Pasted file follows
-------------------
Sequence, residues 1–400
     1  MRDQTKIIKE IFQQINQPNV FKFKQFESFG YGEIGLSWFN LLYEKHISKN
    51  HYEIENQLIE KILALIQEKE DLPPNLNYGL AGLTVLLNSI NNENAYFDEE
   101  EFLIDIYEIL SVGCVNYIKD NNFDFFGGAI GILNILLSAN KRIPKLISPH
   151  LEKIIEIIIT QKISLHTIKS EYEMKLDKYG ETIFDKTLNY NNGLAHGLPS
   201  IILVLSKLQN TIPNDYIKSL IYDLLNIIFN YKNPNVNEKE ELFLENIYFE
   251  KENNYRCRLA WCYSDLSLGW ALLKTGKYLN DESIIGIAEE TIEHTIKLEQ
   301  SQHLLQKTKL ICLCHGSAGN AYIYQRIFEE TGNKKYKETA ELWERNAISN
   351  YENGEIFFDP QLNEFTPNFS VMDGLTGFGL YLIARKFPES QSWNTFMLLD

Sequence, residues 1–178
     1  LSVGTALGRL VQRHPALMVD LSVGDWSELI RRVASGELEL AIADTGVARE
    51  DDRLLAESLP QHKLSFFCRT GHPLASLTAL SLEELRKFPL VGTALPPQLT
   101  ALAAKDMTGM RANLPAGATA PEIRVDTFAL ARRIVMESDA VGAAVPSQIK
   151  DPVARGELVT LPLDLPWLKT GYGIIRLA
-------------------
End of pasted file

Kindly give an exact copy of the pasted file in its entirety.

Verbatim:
Sequence, residues 1–400
     1  MRDQTKIIKE IFQQINQPNV FKFKQFESFG YGEIGLSWFN LLYEKHISKN
    51  HYEIENQLIE KILALIQEKE DLPPNLNYGL AGLTVLLNSI NNENAYFDEE
   101  EFLIDIYEIL SVGCVNYIKD NNFDFFGGAI GILNILLSAN KRIPKLISPH
   151  LEKIIEIIIT QKISLHTIKS EYEMKLDKYG ETIFDKTLNY NNGLAHGLPS
   201  IILVLSKLQN TIPNDYIKSL IYDLLNIIFN YKNPNVNEKE ELFLENIYFE
   251  KENNYRCRLA WCYSDLSLGW ALLKTGKYLN DESIIGIAEE TIEHTIKLEQ
   301  SQHLLQKTKL ICLCHGSAGN AYIYQRIFEE TGNKKYKETA ELWERNAISN
   351  YENGEIFFDP QLNEFTPNFS VMDGLTGFGL YLIARKFPES QSWNTFMLLD

Sequence, residues 1–178
     1  LSVGTALGRL VQRHPALMVD LSVGDWSELI RRVASGELEL AIADTGVARE
    51  DDRLLAESLP QHKLSFFCRT GHPLASLTAL SLEELRKFPL VGTALPPQLT
   101  ALAAKDMTGM RANLPAGATA PEIRVDTFAL ARRIVMESDA VGAAVPSQIK
   151  DPVARGELVT LPLDLPWLKT GYGIIRLA